While feeling sore after a challenging (or new) workout is totally normal, it’s important to note that not all types of aches and pains are just byproducts of your bod’s natural healing process. One common place this comes into play is with an IT band injury. What is the IT band, exactly? Here’s everything you need to know.
    The IT band (a.k.a. iliotibial tract band) is a thick piece of fascia, or connective tissue, that runs from the side of the hip down to the side of the knee, says Bianca Spicer, exercise physiologist and owner of Spicer Fitness and Wellness in Atlanta, Georgia. You can think of it kind of like a rubber band, as it functions inside your body in a similar way.
    Whenever your leg moves forwards or backwards from under your hips, like during a stride, elastic energy is stored and then released when the movement is reversed. The IT band ultimately helps your system save energy, especially during a run, according to research from scientists at Harvard University.
    Given their starring role in keeping you moving, maintaining healthy IT bands is super important. So is knowing when you’re just achy from a hardcore sprint workout and need to do some extra recovery — or when you’re actually hurt.
    Signs And Symptoms Of An IT Band Injury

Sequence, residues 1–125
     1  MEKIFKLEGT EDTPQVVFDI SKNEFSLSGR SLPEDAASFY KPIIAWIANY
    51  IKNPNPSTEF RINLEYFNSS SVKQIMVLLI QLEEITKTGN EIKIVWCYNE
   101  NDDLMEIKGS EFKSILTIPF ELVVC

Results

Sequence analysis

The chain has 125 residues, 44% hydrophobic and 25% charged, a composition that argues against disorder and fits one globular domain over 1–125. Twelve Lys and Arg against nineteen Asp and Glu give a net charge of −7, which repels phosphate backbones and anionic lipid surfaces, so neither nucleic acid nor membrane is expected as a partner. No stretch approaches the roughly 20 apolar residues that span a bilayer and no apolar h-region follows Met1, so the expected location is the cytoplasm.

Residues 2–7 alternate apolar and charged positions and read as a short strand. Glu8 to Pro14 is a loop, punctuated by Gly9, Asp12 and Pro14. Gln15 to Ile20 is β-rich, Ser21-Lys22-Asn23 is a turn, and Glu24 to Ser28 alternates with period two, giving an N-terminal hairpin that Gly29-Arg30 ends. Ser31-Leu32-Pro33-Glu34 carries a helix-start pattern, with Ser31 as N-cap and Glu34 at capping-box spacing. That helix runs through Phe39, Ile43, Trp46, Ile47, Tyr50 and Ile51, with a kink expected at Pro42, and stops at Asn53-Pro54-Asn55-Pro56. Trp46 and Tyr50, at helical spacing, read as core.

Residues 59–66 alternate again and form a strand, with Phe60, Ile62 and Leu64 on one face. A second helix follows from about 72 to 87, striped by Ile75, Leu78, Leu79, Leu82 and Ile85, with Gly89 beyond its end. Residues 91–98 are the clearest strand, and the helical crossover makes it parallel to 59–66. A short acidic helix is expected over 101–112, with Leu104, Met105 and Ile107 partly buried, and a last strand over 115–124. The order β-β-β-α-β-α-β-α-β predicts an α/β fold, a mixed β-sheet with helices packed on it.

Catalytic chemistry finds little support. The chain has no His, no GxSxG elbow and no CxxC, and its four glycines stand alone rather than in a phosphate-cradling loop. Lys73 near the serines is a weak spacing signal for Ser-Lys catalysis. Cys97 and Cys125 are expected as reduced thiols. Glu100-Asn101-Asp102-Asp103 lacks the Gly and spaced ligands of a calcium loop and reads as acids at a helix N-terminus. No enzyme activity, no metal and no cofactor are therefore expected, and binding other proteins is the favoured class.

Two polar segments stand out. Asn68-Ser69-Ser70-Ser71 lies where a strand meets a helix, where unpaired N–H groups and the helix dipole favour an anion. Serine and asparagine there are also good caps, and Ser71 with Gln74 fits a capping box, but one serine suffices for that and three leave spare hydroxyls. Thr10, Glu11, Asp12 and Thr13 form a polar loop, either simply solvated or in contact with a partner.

Because your IT band is such a workhorse, it’s got a higher rate of injury than tissue or muscles you don’t utilize so frequently. That technical term for this is IT band syndrome, and it’s the second most common running injury, according to research from the Physical Medicine and Rehabilitation Clinics of North America. Symptoms of IT band syndrome include:
    Pain on the outside of your knee
    Pain when bending your knee
    Common Causes Of IT Band Syndrome
    Your glute muscles, hips, and hamstrings all run along your IT bands and work in tandem with it to help stabilise your knee. Because of this, after intense lower-body workouts, runs, jump training (a.k.a. plyometrics), or even a lot of brisk walking, the IT band may become inflamed.
    In general, there are three usual suspects that cause IT band injuries:
    sitting too much
    What To Do If You Think You Have An IT Band Injury